For Release: March 7, 2019
Media Inquiries: Fred Frommer firstname.lastname@example.org; 202.744.9273
Revamped data tool provides innovative look at how NCAA Division I institutions make and spend money in college sports
Washington, D.C. — In an effort to inject more financial transparency into college sports, the Knight Commission on Intercollegiate Athletics has unveiled a revamped and innovative College Athletics Financial Information (CAFI) Database. The new resource provides unprecedented access to athletics revenues, expenses, and debt as well as institution-wide academic spending for more than 220 public NCAA Division I colleges and universities dating back to 2005.
The free, open-access database provides telling documentation of major college sports finances, at a time when institutions face lawsuits to direct more financial benefits to student-athletes. For the first time, database users are able to view rich graphics that demonstrate, by institution, conference or competitive subdivision, “Where the Money Comes From” and “Where the Money Goes” in college sports.
The CAFI database shows that Division I schools with big-time football programs are spending staggering sums on coaches’ salaries, athletics support staff, and facilities. For example, in 2017, Football Bowl Subdivision (FBS) public institutions spent more than $1.1 billion in athletics scholarships. But that same year, scholarship spending was less than a quarter of what these institutions spent cumulatively on facilities and equipment ($1.75 billion), coaches’ compensation ($1.43 billion), and athletics support staff and administrative compensation ($1.4 billion). Despite their lucrative revenues, FBS public institutions were carrying more than $9 billion in total athletics debt combined in 2017.
“This database helps flesh out the good and the bad in major college sports finances so we can have an informed debate about priorities,” said Commission co-chair Arne Duncan, former U.S. Secretary of Education. “At a time when all of U.S. higher education is appropriately under pressure to be more transparent to the public and more accountable for producing better outcomes, intercollegiate athletics must be held to the same standards and scrutiny.”
“The Knight Commission has long championed student-athletes’ education and their health and safety as college sports’ two most important priorities,” said Knight Commission co-chair Carol Cartwright, president emeritus at Kent State University and Bowling Green State University. “We are concerned that the data reveal disproportionate spending on coaching salaries and facility enhancements that are creating troubling and unsustainable long-term financial pressures.”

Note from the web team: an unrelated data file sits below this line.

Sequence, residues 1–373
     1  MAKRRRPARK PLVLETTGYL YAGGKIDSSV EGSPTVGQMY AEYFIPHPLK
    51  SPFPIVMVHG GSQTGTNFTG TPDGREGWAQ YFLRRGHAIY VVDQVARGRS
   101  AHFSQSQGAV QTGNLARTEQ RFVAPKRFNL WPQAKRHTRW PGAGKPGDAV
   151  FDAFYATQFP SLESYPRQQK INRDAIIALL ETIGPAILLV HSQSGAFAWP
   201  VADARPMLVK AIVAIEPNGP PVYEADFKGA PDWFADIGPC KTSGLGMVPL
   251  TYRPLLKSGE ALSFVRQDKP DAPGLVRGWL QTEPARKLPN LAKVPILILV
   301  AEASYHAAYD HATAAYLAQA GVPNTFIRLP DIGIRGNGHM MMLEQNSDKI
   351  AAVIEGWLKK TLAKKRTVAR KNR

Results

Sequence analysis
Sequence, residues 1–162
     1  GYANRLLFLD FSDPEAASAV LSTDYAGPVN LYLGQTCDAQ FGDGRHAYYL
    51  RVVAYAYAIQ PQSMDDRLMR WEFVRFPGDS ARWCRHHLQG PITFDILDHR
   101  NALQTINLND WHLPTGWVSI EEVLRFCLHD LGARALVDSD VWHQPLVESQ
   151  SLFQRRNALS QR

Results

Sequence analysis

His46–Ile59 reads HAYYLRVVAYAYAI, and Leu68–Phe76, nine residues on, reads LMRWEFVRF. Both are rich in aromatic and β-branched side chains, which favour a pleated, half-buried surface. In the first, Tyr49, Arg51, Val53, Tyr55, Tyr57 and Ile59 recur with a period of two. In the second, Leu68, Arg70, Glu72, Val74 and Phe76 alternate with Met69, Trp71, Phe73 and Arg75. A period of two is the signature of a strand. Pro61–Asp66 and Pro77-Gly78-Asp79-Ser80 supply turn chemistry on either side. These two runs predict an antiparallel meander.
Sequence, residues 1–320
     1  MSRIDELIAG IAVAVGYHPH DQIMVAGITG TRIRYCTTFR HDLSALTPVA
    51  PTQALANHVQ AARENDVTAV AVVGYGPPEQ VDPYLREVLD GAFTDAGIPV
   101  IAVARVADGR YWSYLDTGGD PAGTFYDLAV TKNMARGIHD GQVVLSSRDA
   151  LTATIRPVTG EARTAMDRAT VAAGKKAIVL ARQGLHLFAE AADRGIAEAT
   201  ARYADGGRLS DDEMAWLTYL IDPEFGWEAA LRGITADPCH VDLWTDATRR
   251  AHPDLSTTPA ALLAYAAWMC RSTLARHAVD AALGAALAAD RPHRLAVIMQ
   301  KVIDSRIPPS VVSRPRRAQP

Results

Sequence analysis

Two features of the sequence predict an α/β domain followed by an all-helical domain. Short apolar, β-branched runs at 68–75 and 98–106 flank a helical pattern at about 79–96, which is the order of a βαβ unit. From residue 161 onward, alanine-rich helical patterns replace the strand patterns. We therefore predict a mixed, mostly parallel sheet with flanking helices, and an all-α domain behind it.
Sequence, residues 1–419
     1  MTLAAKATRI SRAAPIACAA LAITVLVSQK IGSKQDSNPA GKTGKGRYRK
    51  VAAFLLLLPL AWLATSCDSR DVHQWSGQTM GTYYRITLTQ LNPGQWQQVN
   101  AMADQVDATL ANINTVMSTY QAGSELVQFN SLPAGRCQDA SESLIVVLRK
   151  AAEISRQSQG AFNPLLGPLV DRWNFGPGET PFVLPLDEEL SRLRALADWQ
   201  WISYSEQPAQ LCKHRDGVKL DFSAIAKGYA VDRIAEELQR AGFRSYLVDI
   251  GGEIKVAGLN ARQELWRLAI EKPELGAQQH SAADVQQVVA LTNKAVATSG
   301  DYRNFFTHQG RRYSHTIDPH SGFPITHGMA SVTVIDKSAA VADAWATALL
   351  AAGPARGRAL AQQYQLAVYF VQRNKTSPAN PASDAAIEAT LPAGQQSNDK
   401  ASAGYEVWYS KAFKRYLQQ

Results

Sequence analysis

CAFI database users can crunch numbers in countless ways – offering both a comprehensive overview as well as detailed snapshots of finances at the school, conference, and subdivision level. Users can also create their own “peer groups” to analyze the data such as a grouping of conference-switching institutions or all Division I athletics programs in the same state university system.
The CAFI database gives users the opportunity to review academic spending as well, letting them make comparisons between the pace of growth in academic spending and athletics spending. One example: Between 2012 and 2017, median football spending at public FBS institutions grew nearly three times as fast as median academic spending (20 percent to 8 percent, adjusted for inflation).
The database graphics clearly illustrate how much a particular school or university spends on specific areas like coaches’ salaries, administrative salaries, facilities and equipment, recruiting, and medical expenses. Additionally, the financial tool breaks out funding from specific revenue sources like NCAA and conference television and media agreements, ticket sales, corporate sponsorship, advertising, licensing, and student fees.
The CAFI database uses information self-reported, by institutions, from NCAA financial reports and reports required by the federal government (U.S. Department of Education’s Integrated Postsecondary Education Data System, IPEDS).
For questions about the database, please feel free to contact Fred Frommer at email@example.com.
About the Knight Commission on Intercollegiate Athletics
The Knight Commission was formed by the John S. and James L. Knight Foundation in October 1989 to promote reforms that support and strengthen the educational mission of college sports. Over the years, the NCAA has adopted a number of the Commission’s recommendations, including the rule that requires teams to be on track to graduate at least 50 percent of their players to be eligible for postseason competition. The Commission’s College Athletics Financial Information (CAFI) database (cafidatabase.knightcommission.org) provides financial data for more than 220 public Division I institutions, creating greater transparency for college sports finances.
About the John S. and James L. Knight Foundation
The Knight Foundation supports transformational ideas that promote quality journalism, advance media innovation, engage communities, and foster the arts. We believe that democracy thrives when people and communities are informed and engaged. For more, visit www.knightfoundation.org.